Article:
«

»

Dec 15

Print this Post

The governance of the future?

future_systems

Fewer texts are more sacred for an average American citizen than the Constitution of the United States of America. You either have to be very brave, or very, very stupid to publicly undermine its sanctity and suggest radical changes. Without doubt I would classify Alvin Toffler as belonging to the first group. In his imaginative letter “To the Founding Parents” included in his book The Third Wave from 1980, he used the words of Thomas Jefferson to justify his – in some cases radical – suggestions:

I am certainly not an advocate for frequent and untried changes in laws and constitutions… But I also know that laws and institutions must go hand in hand with the progress of the human mind.

For Toffler, not only the human mind has changed over the preceding two centuries. The whole civilization was gearing up to enter a completely new phase of development, a phase in which mass production, standardization, maximization and centralization was to be mostly replaced by individualized products produced locally by prosumers, increasing individualism and freedom from the established patterns of living and thinking. In the “third wave” civilization the power of machines was to be replaced by the power of the brain enhanced by the rapidly increasing performance of computers.

Not all of Toffler’s predictions came true almost 35 years after he published The Third Wave. But many did. When reading his over 440-page book one cannot stop wondering how much our world has changed over less than a half of a human life. Significant changes have taken place before as well, but especially after the fall of the Berlin Wall one had the impression that someone had pressed the “fast forward” button on a roller coaster without any of us knowing what the final destination will be: a tunnel, slower part of the track or… a wall.

In times of radical change there is one thing which does not change: the desire for a “strong leadership”. But here, Toffler rightly argues, the solution is not so easy. There is no doubt that Nikita Khrushchev and Leonid Brezhnev had a much bigger impact on the policies of the Soviet Union than Richard Nixon or Jimmy Carter on the American policies, but has it made the lives of the citizens in the former any better than in the latter? Strength doesn’t always come together with wisdom and the ability to understand and reconcile the needs of different groups in the society. Such a combination is an exception rather than the rule as our, European, history clearly shows.

Toffler comes back with a much more comprehensive set of solutions resulting from the major problems of the governance system as it was in the 1970s. Many of these problems are even more visible almost four decades later.

Problem 1 – The challenge of getting a representative majority in an increasingly diversified society

Our current political system is based on majority rule. After the tragedies of the past we have also introduced a number of mechanisms that protects the rights of the minorities, but in the end the majority decides about the policies of a given country. Toffler argues, however, that with the society becoming more and more differentiated, it would be increasingly challenging to find the majority.

At first sight reality seemed to have proved Toffler wrong. Although in some cases it is difficult to get the majority that would form a government, there was not much deterioration in this regard in comparison to the 1970s. Especially in Germany, one party has dominated the policy-making process for almost a decade now. But how many of the CDU/CSU voters really associate themselves with all or at least the majority of these parties’ decisions? How many vote for them due to the lack of a “better deal”? How many don’t participate in the elections, because the “better deal” doesn’t seem any better? The election turnout in the parliamentary elections in Germany decreased from over 90% in 1976 to 71.5% last year. In the 2014 midterm elections in the United States the turnout was the lowest in 70 years.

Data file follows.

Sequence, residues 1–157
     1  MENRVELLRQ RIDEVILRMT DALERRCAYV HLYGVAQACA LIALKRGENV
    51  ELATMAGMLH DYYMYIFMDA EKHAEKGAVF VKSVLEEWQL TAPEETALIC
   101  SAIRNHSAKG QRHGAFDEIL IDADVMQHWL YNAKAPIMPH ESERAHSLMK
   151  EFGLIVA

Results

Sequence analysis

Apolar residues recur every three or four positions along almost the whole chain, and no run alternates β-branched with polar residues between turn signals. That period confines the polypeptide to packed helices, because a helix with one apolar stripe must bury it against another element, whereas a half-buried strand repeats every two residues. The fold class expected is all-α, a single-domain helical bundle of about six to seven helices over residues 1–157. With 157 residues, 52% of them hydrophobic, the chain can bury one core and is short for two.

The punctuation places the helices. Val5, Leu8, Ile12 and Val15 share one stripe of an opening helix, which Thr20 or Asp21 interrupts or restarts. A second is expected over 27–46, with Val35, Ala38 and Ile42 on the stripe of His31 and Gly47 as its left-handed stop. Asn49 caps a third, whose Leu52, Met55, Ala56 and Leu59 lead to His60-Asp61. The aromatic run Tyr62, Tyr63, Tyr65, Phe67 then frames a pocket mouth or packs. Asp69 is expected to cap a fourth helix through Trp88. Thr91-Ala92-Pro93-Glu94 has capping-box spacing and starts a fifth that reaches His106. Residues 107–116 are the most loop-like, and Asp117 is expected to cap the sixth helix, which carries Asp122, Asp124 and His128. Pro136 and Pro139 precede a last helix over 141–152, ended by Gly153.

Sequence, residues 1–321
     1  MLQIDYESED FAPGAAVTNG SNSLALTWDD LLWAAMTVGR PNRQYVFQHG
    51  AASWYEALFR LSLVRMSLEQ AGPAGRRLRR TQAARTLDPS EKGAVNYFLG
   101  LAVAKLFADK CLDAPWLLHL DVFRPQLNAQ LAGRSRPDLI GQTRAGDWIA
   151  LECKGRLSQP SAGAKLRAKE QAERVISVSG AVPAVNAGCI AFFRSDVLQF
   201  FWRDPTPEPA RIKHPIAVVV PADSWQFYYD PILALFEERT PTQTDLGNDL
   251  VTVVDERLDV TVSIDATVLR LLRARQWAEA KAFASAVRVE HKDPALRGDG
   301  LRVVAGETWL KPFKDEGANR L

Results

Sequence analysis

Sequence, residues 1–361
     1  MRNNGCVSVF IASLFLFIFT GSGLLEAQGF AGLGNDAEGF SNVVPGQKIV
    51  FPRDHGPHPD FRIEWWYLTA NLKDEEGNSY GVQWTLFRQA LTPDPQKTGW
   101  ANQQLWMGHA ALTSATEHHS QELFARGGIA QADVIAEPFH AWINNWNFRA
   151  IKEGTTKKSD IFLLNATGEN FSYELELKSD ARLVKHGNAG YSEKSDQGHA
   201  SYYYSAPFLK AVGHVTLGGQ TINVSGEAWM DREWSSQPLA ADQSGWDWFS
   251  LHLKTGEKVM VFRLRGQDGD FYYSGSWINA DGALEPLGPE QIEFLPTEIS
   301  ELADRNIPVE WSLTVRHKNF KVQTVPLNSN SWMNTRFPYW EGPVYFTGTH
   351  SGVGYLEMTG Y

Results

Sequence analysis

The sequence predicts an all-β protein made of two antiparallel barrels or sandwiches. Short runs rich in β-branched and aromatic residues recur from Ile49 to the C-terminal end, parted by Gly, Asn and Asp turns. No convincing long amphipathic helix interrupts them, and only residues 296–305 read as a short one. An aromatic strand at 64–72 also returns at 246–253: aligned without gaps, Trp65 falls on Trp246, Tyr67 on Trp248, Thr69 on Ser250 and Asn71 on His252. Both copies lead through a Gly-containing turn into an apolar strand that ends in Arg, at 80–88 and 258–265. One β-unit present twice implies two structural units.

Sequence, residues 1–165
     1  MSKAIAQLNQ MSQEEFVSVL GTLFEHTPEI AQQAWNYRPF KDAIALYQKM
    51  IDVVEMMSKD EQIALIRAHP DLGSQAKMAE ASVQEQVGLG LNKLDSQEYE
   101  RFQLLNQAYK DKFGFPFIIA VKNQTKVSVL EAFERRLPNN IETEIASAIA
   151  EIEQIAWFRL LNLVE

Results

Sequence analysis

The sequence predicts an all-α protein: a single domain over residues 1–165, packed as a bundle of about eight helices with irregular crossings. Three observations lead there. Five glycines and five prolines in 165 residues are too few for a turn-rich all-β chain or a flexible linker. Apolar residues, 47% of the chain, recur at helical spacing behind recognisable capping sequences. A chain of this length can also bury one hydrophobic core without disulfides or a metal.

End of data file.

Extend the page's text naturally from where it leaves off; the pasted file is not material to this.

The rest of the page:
Toffler’s solution to the challenge of representing an increasingly diverse society is the “democracy of minorities”. According to this proposal, new technologies should be used to allow a more differentiated analysis of social preferences. Voters should not only be asked about whether they support certain policies but also be required to rank the importance of a certain policy in comparison to others. This would allow for a much more differentiated policy-making process. Are the voters of the CDU/CSU really in favor of introducing the stay-at-home parenting credit (in German known as Betreuungsgeld), discouraging parents from sending their children to school and thus slowing down their integration in the society only to later force immigrants to speak German at home? Or do they care much more about the standard of health care, a clean environment and social diversity?

The major issue with the “traditional parties” is that they offer a certain “package”: Some items, which a voter likes, come with others which he or she would be happy to get rid of, but unfortunately cannot. Well, that’s the price of a compromise – the basis of every democratic society. The problem is, however, that sometimes the result of the compromise is a policy, which is neither good for the majority, nor really beneficial for the minority. The Betreuungsgeld is only one example. The Chancellor’s opposition to same-sex marriages is another. One of the consequences of governing of an increasingly differentiated society should be de-ideologization of the governance. Someone’s personal believes and preferences shouldn’t determine the fates of particular groups of the society as long as these groups don’t constitute threat to the rights of the other members of the society.